A host of famous names from Scotland’s arts scene have taken to the red carpet to launch a new literary prize.
Actress Daniela Nardini, Bafta-winning film director Annie Griffin and crime author Denise Mina are among those who attended the launch of the Edinburgh Gadda Prize.
The award celebrates the work of the acclaimed Italian writer Carlo Emilio Gadda.
The prize, backed by Italian Studies at the University of Edinburgh, has been created to spread awareness of Gadda, who is considered to be Italy's greatest modernist writer.
The Royal Botanic Garden Edinburgh hosted a series of events to celebrate the launch of the prize.
The award is open to scholars and school pupils, who were invited to submit a piece of written work that reflects the work of Gadda.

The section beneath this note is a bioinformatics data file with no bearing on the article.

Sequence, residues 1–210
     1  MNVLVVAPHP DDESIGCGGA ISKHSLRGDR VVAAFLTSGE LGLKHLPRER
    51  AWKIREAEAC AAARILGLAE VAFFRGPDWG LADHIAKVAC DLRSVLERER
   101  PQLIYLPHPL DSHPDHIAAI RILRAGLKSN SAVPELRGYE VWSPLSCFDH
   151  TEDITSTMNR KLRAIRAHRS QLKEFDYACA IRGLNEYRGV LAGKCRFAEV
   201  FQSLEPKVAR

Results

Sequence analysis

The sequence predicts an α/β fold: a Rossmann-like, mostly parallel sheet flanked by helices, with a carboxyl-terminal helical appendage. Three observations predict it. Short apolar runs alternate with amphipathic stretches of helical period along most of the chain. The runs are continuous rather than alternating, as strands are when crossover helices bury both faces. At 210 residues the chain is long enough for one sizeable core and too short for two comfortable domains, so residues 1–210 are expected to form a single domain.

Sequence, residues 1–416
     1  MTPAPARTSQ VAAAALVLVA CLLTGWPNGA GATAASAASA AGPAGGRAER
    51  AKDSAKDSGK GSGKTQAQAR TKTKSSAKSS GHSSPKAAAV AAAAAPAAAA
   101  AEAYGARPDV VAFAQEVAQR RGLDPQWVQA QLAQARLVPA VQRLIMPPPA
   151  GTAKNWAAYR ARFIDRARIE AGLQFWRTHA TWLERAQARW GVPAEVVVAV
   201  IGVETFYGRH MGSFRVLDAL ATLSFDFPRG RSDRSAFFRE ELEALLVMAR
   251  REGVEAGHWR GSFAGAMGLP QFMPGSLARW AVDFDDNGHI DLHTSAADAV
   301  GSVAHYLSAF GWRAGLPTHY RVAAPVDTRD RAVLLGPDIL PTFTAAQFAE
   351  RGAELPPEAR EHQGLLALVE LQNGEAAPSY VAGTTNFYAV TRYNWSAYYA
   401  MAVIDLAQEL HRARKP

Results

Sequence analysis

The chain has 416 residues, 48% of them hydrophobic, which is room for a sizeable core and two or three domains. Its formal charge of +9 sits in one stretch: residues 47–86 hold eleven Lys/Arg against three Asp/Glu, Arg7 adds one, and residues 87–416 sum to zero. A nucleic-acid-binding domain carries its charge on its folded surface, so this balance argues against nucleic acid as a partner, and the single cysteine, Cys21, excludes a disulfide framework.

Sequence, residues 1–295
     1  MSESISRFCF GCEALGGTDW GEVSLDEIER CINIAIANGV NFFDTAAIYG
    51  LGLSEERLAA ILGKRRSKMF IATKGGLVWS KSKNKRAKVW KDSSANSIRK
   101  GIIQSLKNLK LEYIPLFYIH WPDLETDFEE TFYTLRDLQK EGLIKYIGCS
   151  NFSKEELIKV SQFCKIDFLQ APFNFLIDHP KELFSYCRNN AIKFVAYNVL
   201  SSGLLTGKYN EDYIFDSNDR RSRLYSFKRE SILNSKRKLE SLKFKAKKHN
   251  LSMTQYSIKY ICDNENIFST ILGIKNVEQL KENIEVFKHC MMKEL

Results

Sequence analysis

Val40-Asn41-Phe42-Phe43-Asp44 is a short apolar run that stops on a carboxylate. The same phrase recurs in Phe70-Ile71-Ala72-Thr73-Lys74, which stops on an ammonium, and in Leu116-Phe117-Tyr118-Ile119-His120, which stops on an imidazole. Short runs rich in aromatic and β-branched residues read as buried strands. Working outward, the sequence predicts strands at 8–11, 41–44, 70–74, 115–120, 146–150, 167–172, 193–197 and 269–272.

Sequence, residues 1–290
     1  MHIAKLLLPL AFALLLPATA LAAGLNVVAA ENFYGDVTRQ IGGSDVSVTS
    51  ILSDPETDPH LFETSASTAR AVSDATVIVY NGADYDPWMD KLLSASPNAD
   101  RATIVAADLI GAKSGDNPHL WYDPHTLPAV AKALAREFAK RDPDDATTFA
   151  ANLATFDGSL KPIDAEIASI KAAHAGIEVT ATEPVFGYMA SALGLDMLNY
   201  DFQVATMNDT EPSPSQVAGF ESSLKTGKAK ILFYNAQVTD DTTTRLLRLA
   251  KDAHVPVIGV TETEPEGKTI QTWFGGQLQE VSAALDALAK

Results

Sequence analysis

Winners of the four categories, judged by scholars from universities across Italy and the UK were announced in an Italian-themed event.
Daniela Nardini, Annie Griffin and Denise Mina met the 12 semi-finalists in the junior category of the prize.
The semi-finalists, aged 13 to 14, entered short crime stories which had to be set in Rome.
The red carpet event was organised with the backing of international publishers, universities and the Scots-Italian community.
Prizes are being awarded in the four categories of: best published scholarly work on Gadda; best early scholarly work on Gadda; best published scholarly work on 20th century Italian fiction; and best junior detective fiction.
This has been an amazing collaboration between the community, academic institutions, and show business personalities. Through the prize we aim to build a platform to recognise scholarly brilliance in Gadda studies while also promoting young creative Scottish talent.